Other Bilderberg members are Helmut Schmidt, Gerhard Schröder, Angela Merkel and Peer Steinbrück.
Get the picture Germany?
Your leaders are selected, not elected.
Just like in the US.
Helmut Kohl, Germany’s former chancellor, has admitted that he acted like a “dictator” to bring in the single currency to the country, otherwise he “would have lost” had he held a referendum.
– Helmut Kohl: I acted like a dictator to bring in the euro (Telegraph, April 9, 2013):
In an interview conducted for a journalist’s PhD thesis, Germany’s longest-serving postwar chancellor said that he would have lost any popular vote on the euro by an overwhelming majority.
“I knew that I could never win a referendum in Germany,” he said. “We would have lost a referendum on the introduction of the euro. That’s quite clear. I would have lost and by seven to three.”
The interview was conducted by Jens Peter Paul, a German journalist in 2002, the year when the Deutsche Mark was replaced by euro notes and coins, but has only been published now.
In it, Mr Kohl describes adopting the euro as an emblem of the European project, which he said had prevented war on the continent. Born in 1930, Mr Kohl’s politics were shaped by his country’s history in the 1930s and 1940s; his final years in power were focused on promoting European unity.
In the interview, he said: “If a Chancellor is trying to push something through, he must be a man of power. And if he’s smart, he knows when the time is ripe. In one case – the euro – I was like a dictator … The euro is a synonym for Europe. Europe, for the first time, has no more war.”
Mr Kohl justified overcoming the German public’s reluctance to relinquish the Deutsche Mark by saying that democratic politics had to be based on convictions rather than the ebb and flow of elections.
“Political life is like this – elections go back and forth. Representative democracy can only be successful if one sits down and says – ‘that’s it. I will connect myself’ – as I did – ‘connect my existence to a political project.’ Then you automatically have in your party a lot of people who say: ‘if that fails, so do I’.”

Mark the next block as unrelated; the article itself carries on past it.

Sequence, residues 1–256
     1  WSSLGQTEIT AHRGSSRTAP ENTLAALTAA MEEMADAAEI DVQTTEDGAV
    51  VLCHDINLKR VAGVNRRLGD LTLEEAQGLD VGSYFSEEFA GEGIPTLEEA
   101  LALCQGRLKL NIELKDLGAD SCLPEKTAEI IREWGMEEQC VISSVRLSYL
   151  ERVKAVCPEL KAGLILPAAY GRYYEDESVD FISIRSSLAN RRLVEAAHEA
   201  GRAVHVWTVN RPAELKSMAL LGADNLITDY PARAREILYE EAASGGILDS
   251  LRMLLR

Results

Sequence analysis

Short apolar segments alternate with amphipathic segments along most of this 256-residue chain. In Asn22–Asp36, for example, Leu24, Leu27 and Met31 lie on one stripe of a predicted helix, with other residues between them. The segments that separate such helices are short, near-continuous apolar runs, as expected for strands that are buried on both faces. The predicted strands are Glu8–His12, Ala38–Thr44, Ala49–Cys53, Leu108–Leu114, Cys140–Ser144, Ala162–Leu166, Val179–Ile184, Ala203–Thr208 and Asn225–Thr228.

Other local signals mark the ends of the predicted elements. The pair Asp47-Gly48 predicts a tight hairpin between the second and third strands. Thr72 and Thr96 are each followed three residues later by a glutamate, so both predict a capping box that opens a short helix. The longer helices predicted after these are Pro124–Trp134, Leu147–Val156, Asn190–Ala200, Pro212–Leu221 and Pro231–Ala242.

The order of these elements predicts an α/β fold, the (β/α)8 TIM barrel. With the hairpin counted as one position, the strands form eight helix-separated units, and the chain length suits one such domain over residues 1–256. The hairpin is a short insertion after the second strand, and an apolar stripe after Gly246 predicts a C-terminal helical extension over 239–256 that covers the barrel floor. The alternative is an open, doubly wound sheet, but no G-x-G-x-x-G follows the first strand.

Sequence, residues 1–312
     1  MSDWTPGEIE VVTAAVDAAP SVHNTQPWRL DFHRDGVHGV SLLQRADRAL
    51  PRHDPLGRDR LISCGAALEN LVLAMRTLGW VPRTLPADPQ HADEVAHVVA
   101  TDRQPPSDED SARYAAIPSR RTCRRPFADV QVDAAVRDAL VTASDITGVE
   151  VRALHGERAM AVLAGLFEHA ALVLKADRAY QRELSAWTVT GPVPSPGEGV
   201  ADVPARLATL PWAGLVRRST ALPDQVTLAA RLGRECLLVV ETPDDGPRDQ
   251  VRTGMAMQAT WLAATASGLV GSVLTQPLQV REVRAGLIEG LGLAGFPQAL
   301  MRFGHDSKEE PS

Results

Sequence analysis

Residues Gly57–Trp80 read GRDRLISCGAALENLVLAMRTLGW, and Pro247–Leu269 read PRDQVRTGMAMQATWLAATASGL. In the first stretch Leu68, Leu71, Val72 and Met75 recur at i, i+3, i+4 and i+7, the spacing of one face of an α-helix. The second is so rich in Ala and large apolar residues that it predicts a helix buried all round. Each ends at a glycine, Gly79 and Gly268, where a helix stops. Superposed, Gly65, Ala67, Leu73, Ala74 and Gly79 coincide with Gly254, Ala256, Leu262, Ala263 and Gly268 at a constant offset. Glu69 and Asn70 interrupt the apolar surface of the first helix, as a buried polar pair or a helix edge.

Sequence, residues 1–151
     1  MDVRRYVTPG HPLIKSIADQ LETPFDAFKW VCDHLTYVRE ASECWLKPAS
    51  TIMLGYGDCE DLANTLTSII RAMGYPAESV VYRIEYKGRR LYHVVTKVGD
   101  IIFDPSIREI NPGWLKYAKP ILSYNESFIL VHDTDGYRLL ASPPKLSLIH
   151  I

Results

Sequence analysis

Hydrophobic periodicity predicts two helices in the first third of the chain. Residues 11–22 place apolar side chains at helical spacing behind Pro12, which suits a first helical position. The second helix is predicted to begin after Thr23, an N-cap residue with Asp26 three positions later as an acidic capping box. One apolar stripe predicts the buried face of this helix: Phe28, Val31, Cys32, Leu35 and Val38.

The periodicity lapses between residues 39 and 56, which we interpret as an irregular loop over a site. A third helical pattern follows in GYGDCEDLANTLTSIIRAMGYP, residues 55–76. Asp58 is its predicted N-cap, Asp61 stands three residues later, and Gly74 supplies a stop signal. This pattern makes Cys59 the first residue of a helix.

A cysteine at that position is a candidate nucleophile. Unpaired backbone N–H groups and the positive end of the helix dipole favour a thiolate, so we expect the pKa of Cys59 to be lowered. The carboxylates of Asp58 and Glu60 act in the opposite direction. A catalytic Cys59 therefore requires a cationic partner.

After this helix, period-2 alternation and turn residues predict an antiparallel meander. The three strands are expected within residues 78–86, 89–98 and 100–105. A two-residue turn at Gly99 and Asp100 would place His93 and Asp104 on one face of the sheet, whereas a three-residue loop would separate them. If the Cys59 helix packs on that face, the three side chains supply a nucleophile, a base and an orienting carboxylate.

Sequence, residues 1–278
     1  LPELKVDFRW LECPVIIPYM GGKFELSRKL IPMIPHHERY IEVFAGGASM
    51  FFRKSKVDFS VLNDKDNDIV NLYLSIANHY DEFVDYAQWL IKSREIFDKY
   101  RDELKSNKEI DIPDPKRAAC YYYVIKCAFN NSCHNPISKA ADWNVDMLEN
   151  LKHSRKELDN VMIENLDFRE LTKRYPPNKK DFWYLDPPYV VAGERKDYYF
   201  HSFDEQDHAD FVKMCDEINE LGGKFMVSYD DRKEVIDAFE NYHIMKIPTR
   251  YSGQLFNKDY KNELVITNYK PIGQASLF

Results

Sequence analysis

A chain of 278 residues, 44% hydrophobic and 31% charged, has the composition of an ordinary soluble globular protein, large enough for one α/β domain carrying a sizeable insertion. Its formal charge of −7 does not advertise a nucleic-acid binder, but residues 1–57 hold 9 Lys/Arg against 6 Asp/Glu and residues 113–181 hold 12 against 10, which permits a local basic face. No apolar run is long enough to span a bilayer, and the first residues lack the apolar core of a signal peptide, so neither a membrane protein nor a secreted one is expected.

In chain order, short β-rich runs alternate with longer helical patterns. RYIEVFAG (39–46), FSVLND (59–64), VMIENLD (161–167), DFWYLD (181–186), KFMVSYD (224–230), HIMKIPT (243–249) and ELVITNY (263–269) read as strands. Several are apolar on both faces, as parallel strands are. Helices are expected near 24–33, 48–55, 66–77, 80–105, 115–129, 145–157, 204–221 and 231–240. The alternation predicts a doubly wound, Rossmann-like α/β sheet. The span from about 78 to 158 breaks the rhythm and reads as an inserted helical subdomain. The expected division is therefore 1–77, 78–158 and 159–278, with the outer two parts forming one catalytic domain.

Mr Kohl, who won four general elections in a row, had intended to hand over to his successor in the middle of his final term, but changed his mind because of uncertainty over the introduction of the euro, he disclosed.
He stated in the interview that he thought Wolfgang Schaeuble – who is now Germany’s finance minister but was his anointed successor at the time – lacked the political authority to handle the change.
“Schaeuble is a highly gifted man, there’s no disputing that, but this was not a matter for a newcomer. It had to be someone with total authority.”
The former German leader, who led the country for 16 years, is now confined to a wheelchair after suffering a stroke in combination with a fall.
In the interview, Mr Kohl said that much of the resistance in Germany was to the idea of a currency union without an economic and fiscal union. The lack of fiscal union underpinning the single currency is the heart of Europe’s current debt crisis.
In recent weeks, a new Eurosceptic party has formed in Germany to challenge the political orthodoxy that Europe’s biggest economy must stay in the Eurozone. Alternative for Germany hopes to draw on support from the quarter of German voters, who say in polls that they would consider voting for an anti-euro party. The party’s founder Bernd Lucke, an economist, advocates the progressive dissolution of the euro – with southern European countries leaving immediately.